Quick Tip. The Best Schedule for Trimming Your Dog’s Nails


The quick is the soft tissue inside a dog’s nails that supplies nutrients and oxygen. Healthy nails keep the quick short and protected behind hard nail material. However, if a dog’s nails grow too long without trimming, the quick can extend and grow inside the nail. This is problematic because the quick contains nerves and blood vessels. Cutting into an overgrown quick will cause pain and bleeding.

Regular nail trimming keeps the quick at a safe, short length inside the nail. Most dogs require nail trims every 2-4 weeks to prevent overgrowth. Neglecting regular trims allows nails and the quick to elongate, putting dogs at risk for health issues like infected nails, embedded debris, and bone deformities from altered gait. Therefore, it’s vital to trim overgrown nails carefully and gradually to recede the quick back to a healthy position.

Signs Your Dog’s Quick is Too Long

There are some clear signs that indicate when your dog’s nail quick has become overgrown:

  • Long nails clicking on the floor as your dog walks. This sound often signifies nails that are too long.
  • The nails are curving and starting to grow in a circle shape that can embed into your dog’s paw pads. This causes pain and discomfort.
  • Your dog avoids fully touching their paws to the ground and walks gingerly. Overgrown nails put pressure on the toes and are painful.
  • Nails that are splitting and cracking. Brittle, overgrown nails are prone to breaking which exposes the quick.

Paying attention to these signs will allow you to identify overgrown quicks early and take action to shorten them before they become problematic.

Dangers of Overgrown Nails

Overgrown nails can cause significant pain and discomfort in a dog’s feet. As the nails grow too long, they put pressure on the dog’s toes and push the toe joints out of their normal positions. This altered gait can lead to soreness in the feet as well as joint problems in the legs, hips, and back from improper movement and weight distribution (The Kennel Club).

dog with overgrown nails

Long nails are also more prone to splitting, cracking, and breaking, which is extremely painful for dogs. The quick inside the nail continues growing as the nail lengthens. Long quicks have little structural support from the nail around them, making them vulnerable to injury (Rover). This can cause bleeding and discomfort.

Furthermore, excessively long nails interfere with a dog’s ability to stand and walk properly. The nails may clack loudly on the floor and get caught on things like carpets or bedding. It becomes increasingly difficult for the dog to perform normal activities. They may have issues with balance, posture, and agility.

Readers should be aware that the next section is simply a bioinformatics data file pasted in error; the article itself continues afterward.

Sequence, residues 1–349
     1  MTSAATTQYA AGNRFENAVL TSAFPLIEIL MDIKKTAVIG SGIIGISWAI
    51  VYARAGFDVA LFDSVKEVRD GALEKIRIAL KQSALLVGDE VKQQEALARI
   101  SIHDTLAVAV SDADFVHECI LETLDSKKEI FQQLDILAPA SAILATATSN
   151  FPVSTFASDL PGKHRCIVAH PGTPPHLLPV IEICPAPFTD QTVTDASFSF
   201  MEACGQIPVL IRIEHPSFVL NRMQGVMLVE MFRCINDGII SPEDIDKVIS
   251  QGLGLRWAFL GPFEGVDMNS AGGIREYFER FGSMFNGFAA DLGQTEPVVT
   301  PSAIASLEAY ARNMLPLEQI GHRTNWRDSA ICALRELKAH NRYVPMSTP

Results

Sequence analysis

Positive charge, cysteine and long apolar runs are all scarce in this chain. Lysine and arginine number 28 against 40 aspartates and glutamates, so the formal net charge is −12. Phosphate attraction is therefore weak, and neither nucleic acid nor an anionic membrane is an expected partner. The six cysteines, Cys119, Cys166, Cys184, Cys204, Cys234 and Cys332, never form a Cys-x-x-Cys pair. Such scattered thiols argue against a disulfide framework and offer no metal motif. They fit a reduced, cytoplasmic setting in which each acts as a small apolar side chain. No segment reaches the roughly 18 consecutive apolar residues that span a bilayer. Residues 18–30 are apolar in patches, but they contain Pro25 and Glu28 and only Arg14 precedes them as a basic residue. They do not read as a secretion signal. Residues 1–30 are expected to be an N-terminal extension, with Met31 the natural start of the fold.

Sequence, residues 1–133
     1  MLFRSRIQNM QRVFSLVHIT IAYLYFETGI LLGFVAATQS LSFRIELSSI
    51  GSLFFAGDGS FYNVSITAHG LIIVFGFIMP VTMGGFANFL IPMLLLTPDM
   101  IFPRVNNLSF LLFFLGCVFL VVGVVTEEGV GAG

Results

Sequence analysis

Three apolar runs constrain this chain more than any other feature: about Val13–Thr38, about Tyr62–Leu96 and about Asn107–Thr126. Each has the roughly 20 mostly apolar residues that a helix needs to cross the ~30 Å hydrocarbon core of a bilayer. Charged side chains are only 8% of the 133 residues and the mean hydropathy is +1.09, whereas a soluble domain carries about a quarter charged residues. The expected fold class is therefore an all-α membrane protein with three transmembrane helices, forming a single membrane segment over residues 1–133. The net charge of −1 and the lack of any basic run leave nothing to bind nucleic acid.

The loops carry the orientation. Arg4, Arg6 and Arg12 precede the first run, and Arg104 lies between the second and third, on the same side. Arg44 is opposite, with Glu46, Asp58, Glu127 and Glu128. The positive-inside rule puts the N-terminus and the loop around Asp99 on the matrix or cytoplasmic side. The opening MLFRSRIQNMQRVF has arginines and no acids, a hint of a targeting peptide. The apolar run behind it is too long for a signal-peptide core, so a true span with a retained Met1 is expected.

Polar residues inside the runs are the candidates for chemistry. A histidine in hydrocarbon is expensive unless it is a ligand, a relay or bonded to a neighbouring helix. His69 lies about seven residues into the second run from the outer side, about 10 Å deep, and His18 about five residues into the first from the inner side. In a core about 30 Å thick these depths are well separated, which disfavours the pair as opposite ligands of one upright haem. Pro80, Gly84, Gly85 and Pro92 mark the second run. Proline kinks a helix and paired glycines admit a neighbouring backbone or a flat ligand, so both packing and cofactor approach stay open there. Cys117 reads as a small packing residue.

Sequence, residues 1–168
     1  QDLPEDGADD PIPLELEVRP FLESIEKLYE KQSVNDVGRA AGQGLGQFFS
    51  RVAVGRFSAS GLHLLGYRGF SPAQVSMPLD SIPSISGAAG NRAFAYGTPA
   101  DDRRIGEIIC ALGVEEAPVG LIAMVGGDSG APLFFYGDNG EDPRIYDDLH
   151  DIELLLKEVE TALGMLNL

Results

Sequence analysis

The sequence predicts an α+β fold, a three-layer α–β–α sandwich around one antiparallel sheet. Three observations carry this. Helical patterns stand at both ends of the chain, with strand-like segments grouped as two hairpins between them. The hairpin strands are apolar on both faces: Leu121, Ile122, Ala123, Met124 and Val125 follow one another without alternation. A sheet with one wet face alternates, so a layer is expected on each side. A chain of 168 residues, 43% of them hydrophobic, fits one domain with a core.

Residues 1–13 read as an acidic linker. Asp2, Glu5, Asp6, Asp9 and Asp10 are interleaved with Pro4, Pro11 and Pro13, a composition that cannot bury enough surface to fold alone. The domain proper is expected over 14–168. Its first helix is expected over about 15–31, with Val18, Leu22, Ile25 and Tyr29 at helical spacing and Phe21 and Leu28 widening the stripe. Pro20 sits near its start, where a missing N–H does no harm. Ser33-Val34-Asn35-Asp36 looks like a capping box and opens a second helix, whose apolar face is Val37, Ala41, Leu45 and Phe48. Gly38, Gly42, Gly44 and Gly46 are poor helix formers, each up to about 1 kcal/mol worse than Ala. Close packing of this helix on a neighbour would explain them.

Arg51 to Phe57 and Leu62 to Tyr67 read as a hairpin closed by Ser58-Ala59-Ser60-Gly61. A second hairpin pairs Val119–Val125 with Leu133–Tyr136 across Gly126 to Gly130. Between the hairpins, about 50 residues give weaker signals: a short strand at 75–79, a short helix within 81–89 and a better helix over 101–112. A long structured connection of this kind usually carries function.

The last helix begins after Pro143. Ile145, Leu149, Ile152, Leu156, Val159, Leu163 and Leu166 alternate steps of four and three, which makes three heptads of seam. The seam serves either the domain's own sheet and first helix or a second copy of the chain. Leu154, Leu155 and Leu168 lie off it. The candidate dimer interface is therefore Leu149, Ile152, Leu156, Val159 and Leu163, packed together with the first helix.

How Often To Trim

Most adult dogs will need their nails trimmed every 2-4 weeks. This helps keep the quicks short and the nails from getting too long. According to Rover, monthly nail trims are appropriate for adult dogs who have nails that are already in good shape.

Puppies often need more frequent trims, such as every 1-2 weeks. Their nails grow more quickly and the quicks are softer. Trimming them regularly when they are young will make it easier to maintain short quicks as adults.

Some active dogs who run on hard surfaces may wear down their nails naturally. These dogs may only need trims every 4-6 weeks. It’s important to closely monitor the nail length and quick of individual dogs to determine the optimal trimming frequency.

Trimming Technique To Shorten Quick

The key to safely shortening your dog’s quick is to trim only a small amount of nail at a time. Taking off just a tiny bit each session prevents trauma to the quick.

Be sure to use high-quality, sharp trimmers to cut the nail cleanly without crushing it, which can be painful. Nail clippers designed specifically for dogs, like the Safari Professional Nail Trimmer (https://www.rover.com/blog/how-to-trim-dog-nails-that-are-overgrown/), are recommended.

trimming dog's nails

Cut the nail at a slight angle, following the natural curve of the nail, to avoid hitting the quick. Cutting straight across perpendicularly increases the chances of quicking. Only take off about 1/16th of an inch at a time to be safe (https://www.scenthound.com/dogblog/how-to-get-your-dogs-overgrown-nail-quick-to-recede).

Inspect the cross-section after each trim. The quick will be a darker center surrounded by lighter nail. Stop trimming as soon as you see any sign of the quick to avoid bleeding and pain.


If you accidentally cut the quick and your dog’s nail starts bleeding, it’s important to stop the bleeding right away. Apply a small amount of styptic powder or gel directly to the nail with a cotton swab or paper towel. Styptic powder helps constrict the blood vessels and stop bleeding fast (1). Be sure to praise your dog and give them a treat after applying the styptic, so they don’t become afraid of having their nails trimmed.